Helm: The system used to steer a ship.
Helmsman: The person who steers the ship. The crew takes turns acting as helmsman.
Jacob’s ladder: A rope and wood ladder hanging over the side of a ship.
Life-lines: Ropes rigged in various places on the ship for the sailors to hold onto in rough weather.
Main Course Sail: Large lower square sail on the main mast.
Main Knighthead: A wooden post near the main mast used to belay large lines.
Mainmast: The largest mast on Mayflower II. It carries two square sails, the main course and the main topsail.
Maintop Sail: The upper sail on the main mast.
Maritime: Pertaining to the sea.
Maul hammer: Large sledgehammer.
Mine sweeper: Naval vessel, often made of wood, used to look for floating explosive devices.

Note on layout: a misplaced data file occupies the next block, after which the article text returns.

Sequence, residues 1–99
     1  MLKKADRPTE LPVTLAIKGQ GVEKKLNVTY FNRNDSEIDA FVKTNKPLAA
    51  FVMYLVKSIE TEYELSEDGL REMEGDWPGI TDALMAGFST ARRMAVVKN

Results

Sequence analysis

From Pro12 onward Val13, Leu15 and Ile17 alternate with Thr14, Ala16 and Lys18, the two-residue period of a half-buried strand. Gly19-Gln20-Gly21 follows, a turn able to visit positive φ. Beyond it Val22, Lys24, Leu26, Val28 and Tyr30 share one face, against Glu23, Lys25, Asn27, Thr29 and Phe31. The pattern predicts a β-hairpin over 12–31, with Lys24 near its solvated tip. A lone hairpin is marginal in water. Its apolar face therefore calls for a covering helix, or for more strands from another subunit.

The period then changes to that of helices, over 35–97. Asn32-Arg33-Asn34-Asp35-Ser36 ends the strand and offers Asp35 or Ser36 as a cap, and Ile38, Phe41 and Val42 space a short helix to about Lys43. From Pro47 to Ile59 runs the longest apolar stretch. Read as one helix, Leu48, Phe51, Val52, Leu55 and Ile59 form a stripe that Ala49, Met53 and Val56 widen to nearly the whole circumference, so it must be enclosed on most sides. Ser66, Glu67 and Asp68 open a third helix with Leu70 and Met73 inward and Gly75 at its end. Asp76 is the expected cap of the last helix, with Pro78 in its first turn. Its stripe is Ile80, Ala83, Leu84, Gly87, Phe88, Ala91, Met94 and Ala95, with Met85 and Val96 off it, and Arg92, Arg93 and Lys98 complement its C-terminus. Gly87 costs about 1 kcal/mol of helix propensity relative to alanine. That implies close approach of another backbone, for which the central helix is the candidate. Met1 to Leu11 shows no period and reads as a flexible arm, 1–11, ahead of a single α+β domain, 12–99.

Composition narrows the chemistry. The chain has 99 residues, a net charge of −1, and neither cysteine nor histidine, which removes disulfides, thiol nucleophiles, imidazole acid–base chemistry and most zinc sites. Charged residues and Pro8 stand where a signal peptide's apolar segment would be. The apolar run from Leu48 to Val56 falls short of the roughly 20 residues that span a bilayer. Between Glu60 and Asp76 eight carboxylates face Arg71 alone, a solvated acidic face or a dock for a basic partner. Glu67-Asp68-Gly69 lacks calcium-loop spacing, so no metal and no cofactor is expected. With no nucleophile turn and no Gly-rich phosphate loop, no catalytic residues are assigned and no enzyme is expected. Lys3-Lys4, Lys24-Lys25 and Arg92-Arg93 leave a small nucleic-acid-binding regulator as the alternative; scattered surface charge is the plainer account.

Mizzenmast: The aft-most mast on Mayflower II. It carries one trianglular sail, the mizzen sail.
Oakum: Hemp yarn, soaked in tar, used for caulking.
On watch: The sailor’s day is divided into a series of four-hour segments. When he is working the sailor is said to be “on watch.”
Quarterdeck: The command deck of a ship.
Pin-rail: A wooden rail fastened to the inside of the bulwarks for belaying pins.
Pitch: Plunging forward motion of the ship in large waves.
Pitch: Distilled product made from pine resin, used for filling seams during the caulking process.
Rigging: All rope and line used to secure and control spars and sails.
Scuppers: Openings in the deck through which excess water can run out.
Sea trial: Preliminary voyage to test a newly-built vessel.